Nation strives to safeguard global supply chains
China's recent emphasis on safeguarding global supply chains highlights the urgency and vital importance of deeper international cooperation in key fields, as the world struggles with disruptions in sectors such as semiconductors, energy and food as well as other industrial chain challenges, experts said.
Amid the global economic downturn and geopolitical uncertainties, China has made it clear that any attempts to sever supply chains will harm the world, and the country will continue to play an important and positive role in stabilizing global industrial chains, they added.
During his meetings with leaders of a number of countries on Indonesia's resort island of Bali earlier this month, President Xi Jinping called for more efforts to stabilize global industrial and supply chains. Among the leaders he met during the G20 Summit were US President Joe Biden, Republic of Korea President Yoon Suk-yeol and Dutch Prime Minister Mark Rutte.
During their discussions, Xi said that starting a trade or technology war, building walls and barriers, and pushing for decoupling and severing supply chains all run counter to the principles of a market economy and undermine international trade rules.
He reiterated Beijing's opposition to politicizing and weaponizing economic and trade ties as well as exchanges in science and technology, saying that such attempts serve no one's interests.
Bai Ming, deputy director of international market research at the Chinese Academy of International Trade and Economic Cooperation, said: "The remarks send a strong message that the world is a community where all countries need to cooperate rather than decouple from one another. They show that China is a responsible country amid challenges."
The discussions bear particular importance, as they came after the US government imposed a series of well-calculated restrictions or controls on exports of advanced semiconductor technology to China. Washington is also pressuring other countries, such as the Republic of Korea, Japan and the Netherlands, which are major players in the global semiconductor sector, to adopt similar chip restrictions on China.
"Direct communication with leaders of the countries concerned can clarify the strategic intentions, and clearly express the message that any attempts to exclude China from industrial chains will impede global economic recovery," said Zhang Tengjun, deputy director of the China Institute of International Studies' Department for Asia-Pacific Studies.
According to Zhang, that is in line with the outlook of many Asian countries. "During the meeting with his South Korean counterpart, President Xi stressed the need to deepen cooperation in areas such as high-tech manufacturing. The two economies are highly complementary and there is no conflict of fundamental interests between the two sides," Zhang added.
The Netherlands has also displayed its intention to resist US calls to ban chip equipment sales to China. On Tuesday, Dutch Foreign Trade Minister Liesje Schreinemacher told lawmakers that the Netherlands will make its own decision regarding Dutch company ASML's chip gear sales to China amid trade rule talks with the US and other allies, Bloomberg reported.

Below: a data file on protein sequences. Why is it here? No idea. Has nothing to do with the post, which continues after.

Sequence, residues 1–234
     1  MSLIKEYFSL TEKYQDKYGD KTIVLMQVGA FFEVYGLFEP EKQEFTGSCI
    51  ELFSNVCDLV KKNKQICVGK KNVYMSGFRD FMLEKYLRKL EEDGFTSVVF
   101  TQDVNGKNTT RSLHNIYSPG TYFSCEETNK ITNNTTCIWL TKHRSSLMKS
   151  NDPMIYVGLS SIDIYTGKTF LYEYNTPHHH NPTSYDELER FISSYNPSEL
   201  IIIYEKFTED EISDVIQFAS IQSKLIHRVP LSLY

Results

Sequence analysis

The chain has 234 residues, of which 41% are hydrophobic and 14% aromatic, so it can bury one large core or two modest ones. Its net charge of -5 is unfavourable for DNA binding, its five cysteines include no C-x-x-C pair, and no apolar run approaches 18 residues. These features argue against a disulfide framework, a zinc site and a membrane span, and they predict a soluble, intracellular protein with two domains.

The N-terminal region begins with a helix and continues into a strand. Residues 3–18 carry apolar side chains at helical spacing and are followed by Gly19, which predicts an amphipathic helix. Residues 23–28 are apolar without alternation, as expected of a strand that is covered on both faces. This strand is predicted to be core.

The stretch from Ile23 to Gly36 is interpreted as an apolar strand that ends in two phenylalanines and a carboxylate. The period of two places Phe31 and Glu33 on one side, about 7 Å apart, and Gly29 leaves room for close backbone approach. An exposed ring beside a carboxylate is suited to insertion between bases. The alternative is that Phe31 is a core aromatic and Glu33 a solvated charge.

ASML dominates the market for one-of-a-kind, cutting-edge chipmaking equipment, such as ultraviolet lithography machines, that has become a focus of the US government's attempts to limit trade with China.
"If we put that in an EU basket and negotiate with the US and in the end, it turns out (that) we give away deep ultraviolet lithography machines to the US, we are worse off," Schreinemacher said.
Wang Yiming, vice-chairman of the China Center for International Economic Exchanges, said that in the past two years, countries have deeply felt the pain of disruptions in industrial chains, with chip shortage, poor logistics, as well as food and energy crises affecting enterprises and consumers globally.
"Amid such a context, it is particularly urgent to maintain the stability of global supply chains," Wang said, adding that some countries' attempts to politicize normal business ties will harm their own interests.
A case in point is that staff at the UK's largest microchip factory have urged Grant Shapps, the UK secretary of state for business, energy and industrial strategy, to reverse his decision to force its Chinese owners to sell their majority stake.
The staff association at Newport Wafer Fab sent a letter to Shapps on Monday to argue that their livelihoods had been placed at risk after he ordered last week that Nexperia, which is owned by Chinese company Wingtech, must sell at least 86 percent of its stake in the plant due to alleged national security concerns, Sky News reported.
Despite such disruptions and headwinds, China has been working hard to maintain the resilience and stability of its supply chains, experts said.
Denis Depoux, global managing director of consultancy Roland Berger, said China's supply chains have improved, as Chinese and foreign companies invested heavily to modernize their production systems in 2021, when most of the global manufacturing sector was still badly hit by disruptions related to COVID-19.
"The continuous surge in Chinese exports, even in 2022 so far, demonstrates this resilience and competitiveness," he said.
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